Editorial from the June 1947 issue of the Socialist Standard
By its National Service Bill the Labour Government, abandoning the Labour Party’s long proclaimed objection to peace-time conscription, is continuing compulsory military service at least for several years. In the early part of 1939, when the Chamberlain government introduced the Military Training Act in order to prepare for the war that was seen to be likely, the Labour Party reaffirmed its “uncompromising opposition to conscription” and expressed its preference for the “voluntary system." Now the Labour Government, using precisely the same excuses, the failure of the voluntary recruiting campaign, the need to “maintain a reasonable state of preparedness in case we should be engaged in a future war” (Mr. Isaacs, Hansard, 31/3/47, column 1675) does exactly what it denounced the Chamberlain Government for doing. This has not been well received among members of the Labour Party, many of whom feel that something must be wrong with Labour Government policy that the detested expedient of conscription should be necessary. This uneasiness found expression in the refusal of a large number of Labour M.P.s to vote for the Bill while protesting their loyalty to the Labour Government and to its measures other than this one.
Surprising as it may seem to those who do not think clearly the action of the "rebel” M.P.s is entirely illogical. They support Labour Government, but seek to escape responsibility for what all its supporters are committed to doing.
The Labour Government is in office to administer the capitalist system and its freedom of action is strictly limited by that responsibility. Capitalism necessarily involves entering into the struggle for world markets, and for the control of colonies and strategic points, and that struggle leads in the last resort to war. “The cause of war is the struggle of vast private interests for markets,” (Labour Party pamphlet “Labour’s Call to Youth,” 1933). It is true that the Labour Party cherished the illusion that it could find a conciliatory foreign policy that would avoid international tension and rivalry but capitalism pays no heed to the good intentions of its administrators. The Labour Government is committed to maintaining the British colonial empire and is waging a life and death struggle to secure a vast increase in British exports—with the loyal support of most of the M.P.s who draw back from providing the means of war through conscription.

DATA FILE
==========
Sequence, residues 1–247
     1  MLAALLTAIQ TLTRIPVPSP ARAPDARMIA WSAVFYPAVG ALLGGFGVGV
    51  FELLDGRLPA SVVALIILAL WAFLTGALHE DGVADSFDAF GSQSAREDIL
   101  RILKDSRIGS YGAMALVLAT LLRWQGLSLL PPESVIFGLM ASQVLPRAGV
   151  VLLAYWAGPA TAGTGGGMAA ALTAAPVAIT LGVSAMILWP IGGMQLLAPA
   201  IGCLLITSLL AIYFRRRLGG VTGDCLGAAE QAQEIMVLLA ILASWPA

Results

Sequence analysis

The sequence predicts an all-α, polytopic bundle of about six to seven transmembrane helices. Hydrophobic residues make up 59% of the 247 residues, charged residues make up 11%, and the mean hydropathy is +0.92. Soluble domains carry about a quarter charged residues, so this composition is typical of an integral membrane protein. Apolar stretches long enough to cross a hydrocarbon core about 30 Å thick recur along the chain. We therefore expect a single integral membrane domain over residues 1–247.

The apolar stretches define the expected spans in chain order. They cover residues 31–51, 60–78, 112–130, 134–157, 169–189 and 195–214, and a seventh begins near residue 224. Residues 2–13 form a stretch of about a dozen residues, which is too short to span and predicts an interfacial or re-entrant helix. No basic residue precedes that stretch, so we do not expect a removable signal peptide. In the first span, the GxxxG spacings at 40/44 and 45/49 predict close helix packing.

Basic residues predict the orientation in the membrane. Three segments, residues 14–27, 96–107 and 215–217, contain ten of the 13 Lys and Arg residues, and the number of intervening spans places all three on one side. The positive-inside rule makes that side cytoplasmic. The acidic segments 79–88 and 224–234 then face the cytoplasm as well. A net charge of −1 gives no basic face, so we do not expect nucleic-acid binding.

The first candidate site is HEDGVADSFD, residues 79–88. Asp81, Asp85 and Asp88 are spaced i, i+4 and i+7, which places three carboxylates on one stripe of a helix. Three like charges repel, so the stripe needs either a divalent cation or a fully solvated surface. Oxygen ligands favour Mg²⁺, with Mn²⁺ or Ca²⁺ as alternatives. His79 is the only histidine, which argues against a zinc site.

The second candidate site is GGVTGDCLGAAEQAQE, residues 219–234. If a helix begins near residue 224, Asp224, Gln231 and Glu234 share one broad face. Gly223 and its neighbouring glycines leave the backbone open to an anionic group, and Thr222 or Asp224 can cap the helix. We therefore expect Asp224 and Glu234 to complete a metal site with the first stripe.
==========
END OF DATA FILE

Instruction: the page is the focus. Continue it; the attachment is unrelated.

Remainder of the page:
In the pamphlet quoted above the Labour Party declared
“We do not believe that patriotism involves the retention of vast armed forces in order that we can parade our power before the world . . . We repudiate the methods of imperialism and exploitation, and shall earnestly seek the freedom of those nations now subjected to the tyranny of arrogant empire-building governments . . . The elimination of competition and a policy of friendly co-operation with other nations to secure a fair distribution of markets and room for the expansion of population will alone make war an obsolete instrument of human policy.”
They were deceiving themselves as the past 18 months of Labour government have shown. The only means of ending war is to end capitalism and introduce socialism.
Early in 1939 when the Labour Party was proclaiming its uncompromising opposition to the peace-time conscription that it is now imposing, the S.P.G.B. also issued a statement, “The Socialist and Conscription.” The following extract from that statement show how different is the attitude of the socialist and show, too, why it has never been necessary for the S.P.G.B. to change its attitude on the spurious plea that circumstances have changed.
“The opposition of the Socialist Party of Great Britain is not that of the Pacifists, though all thoughtful men and women will recognise the weight of the observation that 'not one evil that is professed to be avoided by war is greater than war itself.’ The pacifist—unless he seeks the overthrow of capitalism—is in the position of accepting the competitive social system which necessarily breeds bitter rivalries and of thinking at the same time that the rivalries can be settled by amicable discussion at the council table. Nor does the Socialist merely object to that form of compulsion known as conscription. There is little difference between the compulsion of the law which takes the conscript and the compulsion of unemployment which drives 'volunteers' to enlist. It has been truly said by a well-known advocate of conscription that 'nearly all our so-called volunteers for the Regular Army are hunger-conscripts'."
"The Socialist is opposed to conscription because he is opposed to the capitalist war for which the armed forces, whether volunteer, professional or conscript, are wanted.”
"The Socialist Party declares its opposition not only to conscription but to capitalist war and to capitalism itself.”